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Headlines edition

Wednesday headlines: The end is known.

In early March, Mueller told Trump’s legal team he could issue a subpoena for the president to appear before a grand jury. They weren’t happy to hear it.

Not only does Robert Mueller know more than we think, he likely know how all of this ends.

According to a source close to Trump: “For the average human, nothing scares them more than legal issues. He. Does. Not. Care. His whole adult life has been spent in litigation.”

The Freedom Caucus targets senior leaders at the Justice Department with talk of (extremely improbable) impeachment. Rosenstein says Justice “is not going to be extorted.”

Trump’s former doctor says Trump himself dictated his hyperbolic health report back in 2015.

In his 466 days of playing President, Trump has made 3,001 false or misleading claims.

A magician broke the ice during last week's historic Korean summit. One of his tricks was called the "Trump card."

A former staffer from the Obama White House was accused of breaking into a Manhattan apartment building. Actually, he was moving in.

Photos of rallies around the world for May Day, the global workers' holiday that's basically ignored in America.

(May Day actually got its start in the rise of trade unions in 19th-century Chicago.)

Studying international relations suddenly seems hollow if you don't consider gender a national security issue.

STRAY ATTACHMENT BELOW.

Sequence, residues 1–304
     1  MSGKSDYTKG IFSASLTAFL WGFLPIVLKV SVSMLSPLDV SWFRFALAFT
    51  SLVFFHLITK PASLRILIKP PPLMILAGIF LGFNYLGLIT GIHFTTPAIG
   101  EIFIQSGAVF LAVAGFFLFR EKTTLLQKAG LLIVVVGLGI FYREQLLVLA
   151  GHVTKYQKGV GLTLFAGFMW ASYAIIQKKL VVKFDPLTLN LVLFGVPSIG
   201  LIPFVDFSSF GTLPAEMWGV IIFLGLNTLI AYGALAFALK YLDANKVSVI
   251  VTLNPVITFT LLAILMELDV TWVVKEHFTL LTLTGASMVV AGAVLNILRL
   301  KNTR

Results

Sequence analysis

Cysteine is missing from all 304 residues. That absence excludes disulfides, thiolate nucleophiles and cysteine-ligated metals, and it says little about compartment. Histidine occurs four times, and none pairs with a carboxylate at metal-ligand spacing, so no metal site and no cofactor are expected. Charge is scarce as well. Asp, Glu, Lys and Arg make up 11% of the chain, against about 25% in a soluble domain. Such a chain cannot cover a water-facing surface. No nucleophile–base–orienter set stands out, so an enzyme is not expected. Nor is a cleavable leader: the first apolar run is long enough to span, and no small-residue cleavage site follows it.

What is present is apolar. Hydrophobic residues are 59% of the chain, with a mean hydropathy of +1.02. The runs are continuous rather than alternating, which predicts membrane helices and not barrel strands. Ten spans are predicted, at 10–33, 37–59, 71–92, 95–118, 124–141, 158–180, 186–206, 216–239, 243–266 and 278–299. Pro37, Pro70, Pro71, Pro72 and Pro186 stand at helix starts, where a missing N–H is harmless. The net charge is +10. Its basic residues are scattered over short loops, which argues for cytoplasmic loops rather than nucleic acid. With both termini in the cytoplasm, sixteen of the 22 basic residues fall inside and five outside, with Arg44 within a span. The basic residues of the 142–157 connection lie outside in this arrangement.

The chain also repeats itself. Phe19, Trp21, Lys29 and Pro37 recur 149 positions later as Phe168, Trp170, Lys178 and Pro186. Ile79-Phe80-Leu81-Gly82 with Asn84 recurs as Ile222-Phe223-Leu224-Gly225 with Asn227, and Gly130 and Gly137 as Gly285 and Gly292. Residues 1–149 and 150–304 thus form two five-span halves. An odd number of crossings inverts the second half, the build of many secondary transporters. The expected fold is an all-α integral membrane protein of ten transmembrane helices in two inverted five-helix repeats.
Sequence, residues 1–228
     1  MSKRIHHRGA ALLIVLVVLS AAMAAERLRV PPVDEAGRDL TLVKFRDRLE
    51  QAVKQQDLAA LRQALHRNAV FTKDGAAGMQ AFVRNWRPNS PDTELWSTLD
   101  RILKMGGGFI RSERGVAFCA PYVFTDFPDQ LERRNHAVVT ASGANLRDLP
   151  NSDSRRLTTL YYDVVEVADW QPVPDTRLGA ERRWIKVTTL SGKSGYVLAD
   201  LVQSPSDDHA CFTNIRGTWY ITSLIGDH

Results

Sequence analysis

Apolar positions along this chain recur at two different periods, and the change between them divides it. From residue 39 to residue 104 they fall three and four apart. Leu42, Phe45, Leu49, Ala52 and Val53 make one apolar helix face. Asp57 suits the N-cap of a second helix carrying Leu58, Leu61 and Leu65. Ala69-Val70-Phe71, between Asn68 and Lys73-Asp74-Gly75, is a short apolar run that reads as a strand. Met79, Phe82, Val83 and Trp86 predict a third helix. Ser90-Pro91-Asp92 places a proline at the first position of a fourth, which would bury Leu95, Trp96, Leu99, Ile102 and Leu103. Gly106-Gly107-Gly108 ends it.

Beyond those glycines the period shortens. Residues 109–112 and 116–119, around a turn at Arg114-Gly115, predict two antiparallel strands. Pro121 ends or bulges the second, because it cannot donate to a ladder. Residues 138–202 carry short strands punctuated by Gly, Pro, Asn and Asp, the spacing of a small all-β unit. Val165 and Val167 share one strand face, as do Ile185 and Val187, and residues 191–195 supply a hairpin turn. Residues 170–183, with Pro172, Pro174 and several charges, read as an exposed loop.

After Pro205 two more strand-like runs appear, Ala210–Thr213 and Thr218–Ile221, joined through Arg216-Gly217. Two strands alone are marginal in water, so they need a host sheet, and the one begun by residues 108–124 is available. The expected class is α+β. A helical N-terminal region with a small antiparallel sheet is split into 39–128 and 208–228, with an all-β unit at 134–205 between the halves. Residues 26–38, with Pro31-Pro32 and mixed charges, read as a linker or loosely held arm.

A new study finds that half of Americans view themselves as lonely, particularly younger generations.

Ivy League students crave classes on happiness; more than half of Yale signed up to learn how to have a good life.

If you’re doing a specific therapy for a specific problem (as opposed to just trying to vent or organize your thoughts), studies generally find that doing therapy out of a textbook works just as well as doing it with a real therapist. A psychiatrist offers hacks for Americans to get mental health on a budget.

“Falindromes” are expressions that appear to be palindromes but are not—e.g., "Mime Eminem."

A journalist traveled for two years with a "honeypot" laptop to tempt hackers, but knowing if he ever got hacked proves impossible.

The flat-earth "truth movement" has a new theory to gnash its teeth over: Earth has no forests anymore.

Skateboarding culture grows in Bolivia, around the highest skate park in the world.

A Q&A on what it's like to eat at revamped Noma, the Copenhagen restaurant that created New Nordic cuisine.

A new book is coming out from Zora Neale Hurston that went unpublished in her lifetime in part because of Hurston’s phonetic embrace of her character’s speech patterns.

The Tournament of Books’ Nonfiction Pop-up starts on Friday. Get ready to read!